2. Gary true and I’m sure Brawn gets that with his wording about going ahead conservatively and not wanting to push things too far with Sprints. I reiterate what I keep saying, which is that the very fact they have rallied the teams to agree to budget caps, better money distribution, and cars that can race closely, not to mention the environmental greening up of the sport, as well as their initiatives towards racing as one, and paying more and more attention to mental health issues, shows they have every intention of trying to do the best they can for the sport. I personally will not let all that be overshadowed by Sprints.

            3. @Robbie, I see what you’re saying and agree really. I’m not necessarily against Sprint races, and F1 has made some awesome steps forward too, so I’m still very much intrigued to see which direction the sport goes in next. Having been a fan since 1994, and having followed it closely every year since, it will take quite a lot before I consider walking away!

            4. @robbie I think that some feel that they are being badly treated because of the blitz of publicity from Liberty Media and the statements from Brawn which encouraged people to “give it a go” and not to make a judgement before watching some of those sprint races. Having done so, the fact that Brawn is then saying “well, you watched those races” feels like a bit of an insult to those who did what he asked them to do, which was to watch and make a judgement afterwards.

              They dislike what they feel is dishonesty on the part of Liberty Media, and they dislike the other comments made by Brawn that indicate that the most important part is how much they can charge for it, rather than what it does for the sport.

            5. @anon

              Nailed it

          3. perfectly said

    2. Been an avid fan since 1986. I didn’t watch either of them and wont be watching the next one. Complete waste of time and not needed by anyone interested in the sport of F1.

      1. Complete waste of time and not needed by anyone interested in the sport of F1.

        Gotta love gatekeeping.

      2. I didn’t ether and because I knew the grid would be screwed any way I didn’t even watch the race ether. I lost so much interest in F1 that I find other things in my life suddenly sufficiently important to take priority over F1. I even missed an apparently great race in Austin. There was a sailing race worth watching if I remember. And yes ,Ross, I was an avid fan for over 50 years and worked in Motorsport for 10 of them.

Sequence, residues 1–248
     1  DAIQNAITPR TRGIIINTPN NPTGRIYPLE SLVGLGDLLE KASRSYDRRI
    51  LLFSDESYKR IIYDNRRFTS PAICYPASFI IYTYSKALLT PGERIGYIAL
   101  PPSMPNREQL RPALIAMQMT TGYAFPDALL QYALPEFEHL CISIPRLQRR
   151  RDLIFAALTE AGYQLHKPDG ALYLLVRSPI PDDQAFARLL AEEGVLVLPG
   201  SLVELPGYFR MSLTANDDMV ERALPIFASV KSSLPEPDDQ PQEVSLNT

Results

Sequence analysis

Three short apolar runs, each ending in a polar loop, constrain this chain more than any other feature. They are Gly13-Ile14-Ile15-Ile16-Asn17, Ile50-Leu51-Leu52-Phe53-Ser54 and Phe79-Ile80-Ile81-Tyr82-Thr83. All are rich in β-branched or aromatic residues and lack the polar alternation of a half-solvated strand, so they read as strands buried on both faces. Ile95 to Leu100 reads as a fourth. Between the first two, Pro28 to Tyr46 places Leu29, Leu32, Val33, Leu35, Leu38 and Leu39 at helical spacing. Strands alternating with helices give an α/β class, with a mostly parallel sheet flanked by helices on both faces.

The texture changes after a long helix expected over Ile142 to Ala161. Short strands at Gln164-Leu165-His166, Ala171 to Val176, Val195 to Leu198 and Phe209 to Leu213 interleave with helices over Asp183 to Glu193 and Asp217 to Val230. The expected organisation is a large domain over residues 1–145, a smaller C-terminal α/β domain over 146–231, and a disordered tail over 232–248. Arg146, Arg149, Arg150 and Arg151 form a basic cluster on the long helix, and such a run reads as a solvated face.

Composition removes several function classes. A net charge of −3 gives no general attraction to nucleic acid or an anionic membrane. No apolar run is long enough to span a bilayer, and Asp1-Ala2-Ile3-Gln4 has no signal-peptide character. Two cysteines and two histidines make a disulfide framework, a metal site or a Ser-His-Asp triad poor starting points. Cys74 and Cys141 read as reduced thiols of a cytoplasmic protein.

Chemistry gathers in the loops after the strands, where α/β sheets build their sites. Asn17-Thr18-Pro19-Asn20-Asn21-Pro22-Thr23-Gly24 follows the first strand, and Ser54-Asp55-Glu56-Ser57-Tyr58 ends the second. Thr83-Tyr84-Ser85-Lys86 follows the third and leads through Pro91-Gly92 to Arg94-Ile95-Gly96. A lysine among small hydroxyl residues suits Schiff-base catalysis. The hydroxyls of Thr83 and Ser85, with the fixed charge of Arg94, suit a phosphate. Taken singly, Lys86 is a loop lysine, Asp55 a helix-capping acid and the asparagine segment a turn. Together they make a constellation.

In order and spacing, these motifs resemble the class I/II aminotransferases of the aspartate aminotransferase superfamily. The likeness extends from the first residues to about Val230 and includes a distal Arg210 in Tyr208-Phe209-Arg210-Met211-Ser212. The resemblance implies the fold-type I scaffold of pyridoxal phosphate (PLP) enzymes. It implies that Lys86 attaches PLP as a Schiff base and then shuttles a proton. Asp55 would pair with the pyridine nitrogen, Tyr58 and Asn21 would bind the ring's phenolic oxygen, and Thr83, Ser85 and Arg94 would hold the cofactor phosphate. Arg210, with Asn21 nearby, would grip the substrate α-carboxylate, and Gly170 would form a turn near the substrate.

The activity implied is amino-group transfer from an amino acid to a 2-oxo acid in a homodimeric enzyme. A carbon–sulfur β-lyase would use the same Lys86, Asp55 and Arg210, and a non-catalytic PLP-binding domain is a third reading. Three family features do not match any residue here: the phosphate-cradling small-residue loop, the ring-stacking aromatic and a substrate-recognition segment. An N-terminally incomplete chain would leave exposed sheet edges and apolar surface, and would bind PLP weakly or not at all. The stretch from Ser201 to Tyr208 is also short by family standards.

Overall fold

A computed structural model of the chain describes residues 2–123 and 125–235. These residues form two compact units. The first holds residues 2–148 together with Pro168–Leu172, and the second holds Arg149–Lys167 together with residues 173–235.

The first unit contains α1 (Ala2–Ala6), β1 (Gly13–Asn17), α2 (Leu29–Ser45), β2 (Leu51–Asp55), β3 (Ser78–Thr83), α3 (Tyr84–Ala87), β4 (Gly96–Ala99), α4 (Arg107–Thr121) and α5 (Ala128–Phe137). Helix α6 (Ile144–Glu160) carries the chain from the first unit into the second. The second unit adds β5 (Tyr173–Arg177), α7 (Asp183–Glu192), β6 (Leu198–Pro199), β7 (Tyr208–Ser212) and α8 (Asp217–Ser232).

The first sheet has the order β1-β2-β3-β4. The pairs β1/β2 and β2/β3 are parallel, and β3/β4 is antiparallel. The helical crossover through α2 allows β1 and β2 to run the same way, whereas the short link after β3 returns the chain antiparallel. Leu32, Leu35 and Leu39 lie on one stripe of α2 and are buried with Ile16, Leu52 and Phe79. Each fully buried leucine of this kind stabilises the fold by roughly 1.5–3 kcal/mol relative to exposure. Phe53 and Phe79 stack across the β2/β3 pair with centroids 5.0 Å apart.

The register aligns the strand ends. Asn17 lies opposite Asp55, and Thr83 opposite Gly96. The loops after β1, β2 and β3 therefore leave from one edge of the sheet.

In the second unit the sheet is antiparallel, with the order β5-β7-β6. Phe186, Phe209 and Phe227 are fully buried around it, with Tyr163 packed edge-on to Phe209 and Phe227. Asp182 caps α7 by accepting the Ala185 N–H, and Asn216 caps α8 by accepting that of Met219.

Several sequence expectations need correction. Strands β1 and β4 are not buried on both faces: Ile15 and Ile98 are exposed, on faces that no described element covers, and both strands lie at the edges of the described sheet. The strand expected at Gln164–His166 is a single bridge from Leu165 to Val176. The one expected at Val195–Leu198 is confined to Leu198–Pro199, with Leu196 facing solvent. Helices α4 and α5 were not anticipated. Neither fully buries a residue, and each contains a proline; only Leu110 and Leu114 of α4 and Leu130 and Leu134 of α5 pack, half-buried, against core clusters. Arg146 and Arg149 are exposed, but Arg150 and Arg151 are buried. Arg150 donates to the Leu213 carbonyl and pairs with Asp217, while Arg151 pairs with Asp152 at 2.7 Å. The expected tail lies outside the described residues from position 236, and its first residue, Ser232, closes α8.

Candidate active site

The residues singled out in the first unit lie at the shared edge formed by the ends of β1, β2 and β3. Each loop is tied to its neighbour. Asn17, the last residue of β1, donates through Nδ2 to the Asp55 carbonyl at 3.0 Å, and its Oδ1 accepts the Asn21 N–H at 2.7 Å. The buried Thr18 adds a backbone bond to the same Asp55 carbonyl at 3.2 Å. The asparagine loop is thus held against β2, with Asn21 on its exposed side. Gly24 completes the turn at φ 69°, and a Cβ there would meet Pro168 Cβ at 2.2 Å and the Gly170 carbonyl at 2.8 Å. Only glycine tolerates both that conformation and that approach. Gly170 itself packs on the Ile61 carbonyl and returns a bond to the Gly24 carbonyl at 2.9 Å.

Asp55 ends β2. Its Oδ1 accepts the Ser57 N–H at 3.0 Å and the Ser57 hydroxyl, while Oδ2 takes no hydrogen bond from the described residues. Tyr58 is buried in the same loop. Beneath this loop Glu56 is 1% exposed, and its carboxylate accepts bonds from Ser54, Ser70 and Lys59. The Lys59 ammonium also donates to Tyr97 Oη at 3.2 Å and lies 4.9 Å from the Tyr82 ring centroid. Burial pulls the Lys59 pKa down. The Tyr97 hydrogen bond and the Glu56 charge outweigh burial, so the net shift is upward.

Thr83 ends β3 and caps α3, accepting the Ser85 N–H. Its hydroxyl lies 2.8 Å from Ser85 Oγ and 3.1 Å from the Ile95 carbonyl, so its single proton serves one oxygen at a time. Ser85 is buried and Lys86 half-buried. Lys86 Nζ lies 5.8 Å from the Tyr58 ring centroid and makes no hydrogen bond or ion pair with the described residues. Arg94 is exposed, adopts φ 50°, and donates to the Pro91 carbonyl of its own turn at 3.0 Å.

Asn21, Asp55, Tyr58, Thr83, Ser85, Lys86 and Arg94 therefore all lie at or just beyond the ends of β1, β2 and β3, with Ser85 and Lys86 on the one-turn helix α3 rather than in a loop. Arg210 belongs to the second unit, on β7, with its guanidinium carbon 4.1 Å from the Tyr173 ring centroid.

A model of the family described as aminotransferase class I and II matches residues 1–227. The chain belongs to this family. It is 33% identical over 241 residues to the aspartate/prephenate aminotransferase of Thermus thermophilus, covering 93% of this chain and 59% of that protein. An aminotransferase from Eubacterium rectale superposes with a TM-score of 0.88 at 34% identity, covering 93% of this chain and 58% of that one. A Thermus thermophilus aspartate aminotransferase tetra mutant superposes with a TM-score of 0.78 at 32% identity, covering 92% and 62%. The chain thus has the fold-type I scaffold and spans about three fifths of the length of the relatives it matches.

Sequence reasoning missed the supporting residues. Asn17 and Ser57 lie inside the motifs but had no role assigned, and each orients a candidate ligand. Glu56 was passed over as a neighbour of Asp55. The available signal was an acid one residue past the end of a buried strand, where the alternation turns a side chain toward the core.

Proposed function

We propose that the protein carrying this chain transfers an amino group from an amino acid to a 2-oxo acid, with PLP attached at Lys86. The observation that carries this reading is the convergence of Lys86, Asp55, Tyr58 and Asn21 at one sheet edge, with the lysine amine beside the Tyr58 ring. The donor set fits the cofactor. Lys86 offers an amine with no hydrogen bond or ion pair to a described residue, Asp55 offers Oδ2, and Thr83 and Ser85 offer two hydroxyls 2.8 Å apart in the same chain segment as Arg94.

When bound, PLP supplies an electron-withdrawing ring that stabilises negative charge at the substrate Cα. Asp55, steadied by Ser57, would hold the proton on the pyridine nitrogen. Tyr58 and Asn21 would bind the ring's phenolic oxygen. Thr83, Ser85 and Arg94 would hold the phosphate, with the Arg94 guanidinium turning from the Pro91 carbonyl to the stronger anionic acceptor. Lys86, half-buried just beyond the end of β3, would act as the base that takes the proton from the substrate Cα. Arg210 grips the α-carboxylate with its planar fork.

3. @laurencemeehan

        I also didn’t watch them. In fact, not watching them Saturday led to me not watching the British GP. Only watched the highlights.

        Hey but there are only alienating their core customers, what could go wrong?

      4. “That thing I didn’t watch was rubbish”

        1. Ok well I watched both and can confirm they were, indeed, rubbish.

          1. Avid fan here, i can confirm Alex is right.

            1. I’m a veritable dinosaur here, getting into F1 watching James Hunt (1976, I was 8) and I’d like to offer my full support to @kerrymaxwell view of the ‘sprint thingy’.

              It subtracted from the Grand Prix, it almost eliminates the value of real qualifying, it messes with a fine tradition and IMHO, the ‘sprint thingy’ is one gimmick too far removed from the essence of F1.

            2. Oops, this dinosaur fumbling the technology here, I would actually rather add my support to @f1alex ;}

    3. So the fans that matter dont matter Mr Brawn? We watch it because its F1. But we are not happy with it.

    4. I fear this sport is running by idiots.

      “they like it, you see, as they didn’t turn it off”. Err. That’s a positive then? What a clown show.

      1. we don’t want to spoil it by overstepping and people feeling it’s gone too far.

        Yet somehow I feel like this has been the exact opposite of reality since the mid 90s!

    5. If you bet on new convert fans, please don’t forget that the next year or even the next day they will easily convert to Squid Game and whatever “exciting” new formats proposed by “effective managers” and forget F1 with all their stupid new bells and whistles in just a fraction of a second.